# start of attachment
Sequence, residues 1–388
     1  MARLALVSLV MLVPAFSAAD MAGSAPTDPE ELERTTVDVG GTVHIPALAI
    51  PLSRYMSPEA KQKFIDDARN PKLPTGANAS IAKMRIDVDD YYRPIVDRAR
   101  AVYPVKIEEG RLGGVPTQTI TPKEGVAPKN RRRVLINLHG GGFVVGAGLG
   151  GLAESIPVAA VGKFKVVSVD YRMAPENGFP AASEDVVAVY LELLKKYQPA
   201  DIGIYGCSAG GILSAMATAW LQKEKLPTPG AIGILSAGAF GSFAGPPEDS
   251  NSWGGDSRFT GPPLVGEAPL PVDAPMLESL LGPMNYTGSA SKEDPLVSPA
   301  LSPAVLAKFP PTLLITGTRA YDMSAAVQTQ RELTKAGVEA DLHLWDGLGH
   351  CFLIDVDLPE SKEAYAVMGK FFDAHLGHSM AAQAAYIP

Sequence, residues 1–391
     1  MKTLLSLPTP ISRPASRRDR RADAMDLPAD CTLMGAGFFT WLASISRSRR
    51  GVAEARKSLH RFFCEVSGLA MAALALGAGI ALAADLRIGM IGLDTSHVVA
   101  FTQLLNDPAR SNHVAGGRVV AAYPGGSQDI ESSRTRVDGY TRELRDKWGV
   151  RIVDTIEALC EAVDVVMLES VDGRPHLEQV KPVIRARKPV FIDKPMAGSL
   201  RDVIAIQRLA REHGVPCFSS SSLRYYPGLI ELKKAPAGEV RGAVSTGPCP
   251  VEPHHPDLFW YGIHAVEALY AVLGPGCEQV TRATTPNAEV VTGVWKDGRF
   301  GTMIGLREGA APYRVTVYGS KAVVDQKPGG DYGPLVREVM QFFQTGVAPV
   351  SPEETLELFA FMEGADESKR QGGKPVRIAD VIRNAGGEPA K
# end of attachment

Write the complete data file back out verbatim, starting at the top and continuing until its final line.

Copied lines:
Sequence, residues 1–388
     1  MARLALVSLV MLVPAFSAAD MAGSAPTDPE ELERTTVDVG GTVHIPALAI
    51  PLSRYMSPEA KQKFIDDARN PKLPTGANAS IAKMRIDVDD YYRPIVDRAR
   101  AVYPVKIEEG RLGGVPTQTI TPKEGVAPKN RRRVLINLHG GGFVVGAGLG
   151  GLAESIPVAA VGKFKVVSVD YRMAPENGFP AASEDVVAVY LELLKKYQPA
   201  DIGIYGCSAG GILSAMATAW LQKEKLPTPG AIGILSAGAF GSFAGPPEDS
   251  NSWGGDSRFT GPPLVGEAPL PVDAPMLESL LGPMNYTGSA SKEDPLVSPA
   301  LSPAVLAKFP PTLLITGTRA YDMSAAVQTQ RELTKAGVEA DLHLWDGLGH
   351  CFLIDVDLPE SKEAYAVMGK FFDAHLGHSM AAQAAYIP

Sequence, residues 1–391
     1  MKTLLSLPTP ISRPASRRDR RADAMDLPAD CTLMGAGFFT WLASISRSRR
    51  GVAEARKSLH RFFCEVSGLA MAALALGAGI ALAADLRIGM IGLDTSHVVA
   101  FTQLLNDPAR SNHVAGGRVV AAYPGGSQDI ESSRTRVDGY TRELRDKWGV
   151  RIVDTIEALC EAVDVVMLES VDGRPHLEQV KPVIRARKPV FIDKPMAGSL
   201  RDVIAIQRLA REHGVPCFSS SSLRYYPGLI ELKKAPAGEV RGAVSTGPCP
   251  VEPHHPDLFW YGIHAVEALY AVLGPGCEQV TRATTPNAEV VTGVWKDGRF
   301  GTMIGLREGA APYRVTVYGS KAVVDQKPGG DYGPLVREVM QFFQTGVAPV
   351  SPEETLELFA FMEGADESKR QGGKPVRIAD VIRNAGGEPA K